September 17, 2009 Vol. 16, No. 15
Commentary: Unilateral Free Trade Is A Simplistic, Flawed Doctrine, By Clyde Prestowitz
David Halberstam in his great book "The Best and the Brightest" about Vietnam underscored the point that the elite of the media, business, government and academia in our country brought into the doctrine of the domino theory. It was a doctrine that perceived communism as monolithic, and the Russians and Chinese as being part of one great movement to achieve global dominance. The theory stated that if just one Southeast Asian country went communist all of Asia would go communist and the world would go communist. It turned out to be a really simplistic, flawed doctrine. It cost us 58,000 kids, and it was embraced by the total leadership elite -- the most brilliant minds, the graduates of Harvard Business School, Harvard Law School and Stanford: the Best and the Brightest.
Well, a similar thing has been occurring in the area of globalization and international trade. Our elite has brought into a doctrine that is called free trade. I think it would be better labeled unilateral free trade, or hybrid free trade, or merco free trade, but we call it free trade.
We have built our international economic policies around this notion that trade is always win-win. Indeed we have bought into the notion of unilateral free trade, so that if our trading partner is so benighted as to put rocks in his harbor to prevent us from exporting to him, nevertheless we should keep our markets open.
The doctrine that trade is always win-win underlies everything we have done in globalization.
Now the doctrine is not completely wrong. Trade sometimes is win-win. The great insight that David Ricardo had of comparative advantage is you trade what it is that you do best. That insight is important and it is applicable in many instances of trade. It's applicable when the trade is in products that do not have economies of scale. The assumption of that insight is that there are no economies of scale. It is applicable if there is no mobility of technology or capital across borders. The assumption of Ricardo was that British capital would not go to Portugal to create textile mills in Portugal. There would be no foreign direct investment. The assumption was that technology would not leave borders.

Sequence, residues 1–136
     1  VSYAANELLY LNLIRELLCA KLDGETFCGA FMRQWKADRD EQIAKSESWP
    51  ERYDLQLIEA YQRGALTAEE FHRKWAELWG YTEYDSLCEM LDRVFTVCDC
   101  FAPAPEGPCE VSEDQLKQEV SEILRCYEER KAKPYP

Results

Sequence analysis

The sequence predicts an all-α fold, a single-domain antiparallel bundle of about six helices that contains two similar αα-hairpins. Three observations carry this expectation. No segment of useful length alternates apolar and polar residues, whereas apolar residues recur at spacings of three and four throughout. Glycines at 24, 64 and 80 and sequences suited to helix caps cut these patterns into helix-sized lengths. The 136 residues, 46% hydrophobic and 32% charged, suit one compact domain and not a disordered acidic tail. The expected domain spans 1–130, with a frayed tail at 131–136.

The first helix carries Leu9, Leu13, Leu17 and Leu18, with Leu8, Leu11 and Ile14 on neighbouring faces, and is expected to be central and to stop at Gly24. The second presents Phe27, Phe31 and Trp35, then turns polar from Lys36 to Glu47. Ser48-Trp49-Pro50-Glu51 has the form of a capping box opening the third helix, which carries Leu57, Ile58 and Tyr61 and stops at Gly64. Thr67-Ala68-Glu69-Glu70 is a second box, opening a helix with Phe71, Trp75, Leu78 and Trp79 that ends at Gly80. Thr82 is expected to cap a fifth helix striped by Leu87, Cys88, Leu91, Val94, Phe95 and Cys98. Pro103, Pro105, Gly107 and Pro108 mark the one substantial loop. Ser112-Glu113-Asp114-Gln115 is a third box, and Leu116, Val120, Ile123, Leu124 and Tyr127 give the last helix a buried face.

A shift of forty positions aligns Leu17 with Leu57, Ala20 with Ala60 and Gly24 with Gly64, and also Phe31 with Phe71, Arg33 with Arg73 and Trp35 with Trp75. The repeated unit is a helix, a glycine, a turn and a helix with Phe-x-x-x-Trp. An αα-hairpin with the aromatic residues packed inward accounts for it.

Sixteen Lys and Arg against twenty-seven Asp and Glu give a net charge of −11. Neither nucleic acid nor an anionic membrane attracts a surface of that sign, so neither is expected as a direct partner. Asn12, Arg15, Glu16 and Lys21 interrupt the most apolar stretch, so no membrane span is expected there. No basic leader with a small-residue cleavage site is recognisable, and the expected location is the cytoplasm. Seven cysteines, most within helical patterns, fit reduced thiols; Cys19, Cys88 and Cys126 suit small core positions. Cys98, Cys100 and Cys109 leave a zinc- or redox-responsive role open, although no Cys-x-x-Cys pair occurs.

If that is the context in which you are doing trade, then it works.
But the world in which we live is one in which that kind of trade is restricted to a narrow section of total trade. Most of our trade takes place in markets that are not perfectly competitive; that are oligopolistic with imperfect competition. All of our trade takes place in markets in which exchange rates are managed. All of our trade takes place in markets in which technology and capital moves across borders. In these circumstances trade is not always win-win. Trade can be adversarial. It can be zero sum. We have not recognized that. Particularly, we have not recognized that in terms of the role of the U.S. dollar.
The role of the U.S. dollar as the world's currency of account and the currency of reserve is one that puts the United States in a privileged position, but also in a dangerous position. It is a privileged position because we alone among the world countries can borrow in our own currency. We alone among the world's countries can buy oil and other international commodities simply by printing dollars. Other countries have to produce something and earn dollars to buy oil. We just have to print them.